Sunday, July 17, 2011

Seriously? They Have a Walk?

O's eye-crossing started around her 5th birthday, and four months later it has lead us down this crappy little road to watching an MRI video of the flow of her spinal fluid halting then pooling around the top of her C1 vertebrae. We have known it was a Chiari 1 malformation since the MRI a few months ago, but Friday was the big meeting with Dr. Wehby, the pediatric neurosurgeon.

I was actually very calm going into it. I had googled the hell out of it, talked ad nauseum, to friends and family, and knew the right decision would be made. Well, I though I was calm. For the four nights prior to the appointment, there were nightmares. One night it was the classic lost child dream, followed by the zombie invasion, tornado, and falling dreams. But I looked pretty calm, even through the appointment. Oh no, wait, I may have been a bit tense after all, snapping at the kids (did they sense my tension and act out?), looking as if I was one of those parents who can't manage their own brood.

Okay. It was bad.

Even the doc felt bad for me, telling me over and again, "it's okay, dah'ling" (she's a southern women maybe only a couple of years older than me).

Basically, her cerebellum tonsils are descending past her C1 vertebre and restricting the flow of spinal fluid, occasionally allowing the fluid to pool at the base of her skull and putting pressure on nerves, muscles, and cerebellum. This has developed over time, and the eye crossing was just the most obvious symptom. Headaches, numbness and/or weakness in toes and fingers, speech delays, sensory issues such as sensitivity to light and sounds, delays in potty-training, and other things can occur because of the restriction of spinal fluid and the pressure it is causing.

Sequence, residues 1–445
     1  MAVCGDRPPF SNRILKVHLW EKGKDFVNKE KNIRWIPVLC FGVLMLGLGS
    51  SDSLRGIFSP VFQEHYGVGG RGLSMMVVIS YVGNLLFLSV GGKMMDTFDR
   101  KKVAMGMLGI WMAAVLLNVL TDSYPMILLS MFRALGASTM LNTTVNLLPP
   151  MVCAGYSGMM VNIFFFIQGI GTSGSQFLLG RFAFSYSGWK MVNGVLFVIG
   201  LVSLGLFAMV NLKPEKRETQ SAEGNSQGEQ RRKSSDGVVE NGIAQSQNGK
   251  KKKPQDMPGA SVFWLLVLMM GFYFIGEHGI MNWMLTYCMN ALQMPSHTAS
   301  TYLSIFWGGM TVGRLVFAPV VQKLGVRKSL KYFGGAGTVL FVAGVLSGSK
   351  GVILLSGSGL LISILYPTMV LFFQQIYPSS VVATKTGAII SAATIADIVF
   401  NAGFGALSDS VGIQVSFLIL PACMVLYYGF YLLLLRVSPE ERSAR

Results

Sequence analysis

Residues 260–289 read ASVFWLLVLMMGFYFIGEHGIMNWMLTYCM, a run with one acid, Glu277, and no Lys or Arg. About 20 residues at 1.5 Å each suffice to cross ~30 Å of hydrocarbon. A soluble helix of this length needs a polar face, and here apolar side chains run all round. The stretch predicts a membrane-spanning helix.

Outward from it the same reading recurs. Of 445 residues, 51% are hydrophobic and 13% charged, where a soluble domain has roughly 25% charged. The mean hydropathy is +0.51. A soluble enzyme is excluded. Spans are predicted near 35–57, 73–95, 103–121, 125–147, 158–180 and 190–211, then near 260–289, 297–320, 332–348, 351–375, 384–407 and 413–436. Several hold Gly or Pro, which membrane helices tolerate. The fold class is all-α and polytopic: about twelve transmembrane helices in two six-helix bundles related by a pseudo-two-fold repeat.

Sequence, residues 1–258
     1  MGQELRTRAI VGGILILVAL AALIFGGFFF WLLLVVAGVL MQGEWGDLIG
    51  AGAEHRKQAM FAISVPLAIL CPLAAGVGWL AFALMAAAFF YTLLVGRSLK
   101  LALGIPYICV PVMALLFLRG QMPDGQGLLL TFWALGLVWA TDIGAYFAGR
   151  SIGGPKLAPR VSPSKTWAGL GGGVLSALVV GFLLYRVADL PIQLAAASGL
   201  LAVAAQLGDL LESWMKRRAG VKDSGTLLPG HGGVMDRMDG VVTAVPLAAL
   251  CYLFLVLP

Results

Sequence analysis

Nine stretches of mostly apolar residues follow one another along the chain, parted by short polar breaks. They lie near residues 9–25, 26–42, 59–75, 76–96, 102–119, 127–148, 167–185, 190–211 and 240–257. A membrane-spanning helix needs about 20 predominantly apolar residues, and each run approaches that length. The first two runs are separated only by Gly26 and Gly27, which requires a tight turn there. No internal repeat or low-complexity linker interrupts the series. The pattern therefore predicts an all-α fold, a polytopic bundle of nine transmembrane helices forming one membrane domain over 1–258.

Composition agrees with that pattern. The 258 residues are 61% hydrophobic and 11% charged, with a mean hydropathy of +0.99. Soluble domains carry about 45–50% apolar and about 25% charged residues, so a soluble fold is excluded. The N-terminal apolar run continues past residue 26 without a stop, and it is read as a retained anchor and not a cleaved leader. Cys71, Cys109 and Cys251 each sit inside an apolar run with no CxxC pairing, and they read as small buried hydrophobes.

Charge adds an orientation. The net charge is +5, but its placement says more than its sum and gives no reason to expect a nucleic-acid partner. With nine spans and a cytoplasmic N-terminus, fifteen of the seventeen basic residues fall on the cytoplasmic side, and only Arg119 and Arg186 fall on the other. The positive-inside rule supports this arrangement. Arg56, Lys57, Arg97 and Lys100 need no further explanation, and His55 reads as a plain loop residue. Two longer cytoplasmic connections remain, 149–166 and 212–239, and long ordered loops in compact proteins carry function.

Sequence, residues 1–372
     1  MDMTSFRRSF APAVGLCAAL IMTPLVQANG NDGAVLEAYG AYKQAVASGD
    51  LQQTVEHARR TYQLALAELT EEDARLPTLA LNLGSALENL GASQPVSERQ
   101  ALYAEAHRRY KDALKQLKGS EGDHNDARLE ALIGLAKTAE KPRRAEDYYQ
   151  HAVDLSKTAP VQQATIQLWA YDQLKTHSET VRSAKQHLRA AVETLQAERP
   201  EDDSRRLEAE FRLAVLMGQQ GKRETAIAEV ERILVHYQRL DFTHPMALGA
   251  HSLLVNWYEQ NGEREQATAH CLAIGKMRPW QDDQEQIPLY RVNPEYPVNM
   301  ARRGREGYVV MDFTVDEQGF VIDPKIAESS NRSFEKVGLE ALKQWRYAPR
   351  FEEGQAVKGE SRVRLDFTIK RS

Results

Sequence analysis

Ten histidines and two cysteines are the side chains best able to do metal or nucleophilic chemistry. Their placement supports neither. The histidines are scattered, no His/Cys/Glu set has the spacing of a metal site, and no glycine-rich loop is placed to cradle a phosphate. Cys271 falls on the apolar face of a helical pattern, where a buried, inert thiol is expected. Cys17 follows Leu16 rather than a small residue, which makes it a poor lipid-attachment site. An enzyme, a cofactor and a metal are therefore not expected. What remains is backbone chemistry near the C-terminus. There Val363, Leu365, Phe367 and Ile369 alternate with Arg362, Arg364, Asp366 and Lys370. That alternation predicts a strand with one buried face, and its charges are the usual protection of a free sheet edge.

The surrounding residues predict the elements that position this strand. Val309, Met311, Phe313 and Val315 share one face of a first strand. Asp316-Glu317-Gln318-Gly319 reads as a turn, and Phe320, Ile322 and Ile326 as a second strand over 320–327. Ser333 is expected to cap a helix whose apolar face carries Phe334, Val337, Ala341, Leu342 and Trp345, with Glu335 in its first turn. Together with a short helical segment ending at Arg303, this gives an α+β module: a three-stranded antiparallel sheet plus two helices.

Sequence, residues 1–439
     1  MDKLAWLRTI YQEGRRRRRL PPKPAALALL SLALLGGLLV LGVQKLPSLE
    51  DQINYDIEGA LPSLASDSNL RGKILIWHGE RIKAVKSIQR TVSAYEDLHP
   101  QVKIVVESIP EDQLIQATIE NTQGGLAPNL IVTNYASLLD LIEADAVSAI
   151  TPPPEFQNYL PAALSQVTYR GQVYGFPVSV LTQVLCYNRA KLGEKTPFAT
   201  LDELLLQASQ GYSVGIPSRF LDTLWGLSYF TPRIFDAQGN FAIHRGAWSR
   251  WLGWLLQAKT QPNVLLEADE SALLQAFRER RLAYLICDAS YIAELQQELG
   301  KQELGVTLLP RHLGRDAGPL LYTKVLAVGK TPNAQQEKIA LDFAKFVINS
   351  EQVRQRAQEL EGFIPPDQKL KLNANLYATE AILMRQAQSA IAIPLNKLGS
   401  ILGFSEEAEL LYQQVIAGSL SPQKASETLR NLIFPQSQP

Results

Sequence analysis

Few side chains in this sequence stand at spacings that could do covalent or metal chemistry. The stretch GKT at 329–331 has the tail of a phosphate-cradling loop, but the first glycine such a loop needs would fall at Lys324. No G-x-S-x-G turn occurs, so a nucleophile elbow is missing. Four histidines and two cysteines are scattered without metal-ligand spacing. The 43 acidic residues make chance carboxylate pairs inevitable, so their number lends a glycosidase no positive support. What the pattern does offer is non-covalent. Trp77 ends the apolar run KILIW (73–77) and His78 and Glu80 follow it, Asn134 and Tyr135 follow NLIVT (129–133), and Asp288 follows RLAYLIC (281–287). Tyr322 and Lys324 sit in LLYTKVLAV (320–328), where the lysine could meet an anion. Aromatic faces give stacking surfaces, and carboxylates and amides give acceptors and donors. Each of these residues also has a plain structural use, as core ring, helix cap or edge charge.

One can't help but see a similarity between the C1M symptoms and her Autistic traits. Can't quite go there yet.

A Decompression surgery has been recommended. A piece of her skull will be removed at the base to make room for cerebellum and eliminate the pressure. It is believed that the removal of the bone will be enough, and any messing around with the dural matter can be avoided. A "simple" surgery. Just bone.

And I was Very Calm while discussing this (in-between snapping at the kids) with the Doc, and Very Calm telling family and friends, and Very Calm until 5pm Saturday when I finally had a chance to sit down and do more research on the surgery, and then I stopped being Very Calm and started to be Slightly Freaked Out.

So not only are we members of the autism community, but apparently there is a Chiari community too. They even have a nationwide annual walk in September. Not feeling very community-minded right now...


  1. What can one say? I am sorry. And best of luck,

  2. I can't even imagine. <3 try breathing. or an IV of wine.

  3. This totally sucks in some ways. But tell yourself this: She will get through the surgery just fine. The pressure will go down. Maybe some of her other asd symptoms will even get better. But the process of anticipating and getting through the surgery might just suck for you mama and, I am so sorry for that! My mother sent me into surgery three times throughout my childhood to have the muscles inside my eye sockets sliced, shortened and elongated so that the world could look at me with more comfort. This must have been hard for her. What I remember most was the really big bag of licorice I got in the hospital room, and getting to miss so much school.
    Please keep us posted on how you are doing about this. Let us know when the surgery is approaching. We want to be there for you.

  4. where is that DISLIKE button. I hate that you have this going on with O. there is hope for her as she heals from this surgery. this challenge is bound to make you and your family stronger. I am grateful that you found it now, and not later when she is older and the bones in her body are more solid. I am so so so sorry you have to endure this. sending you positive vibes and thoughts!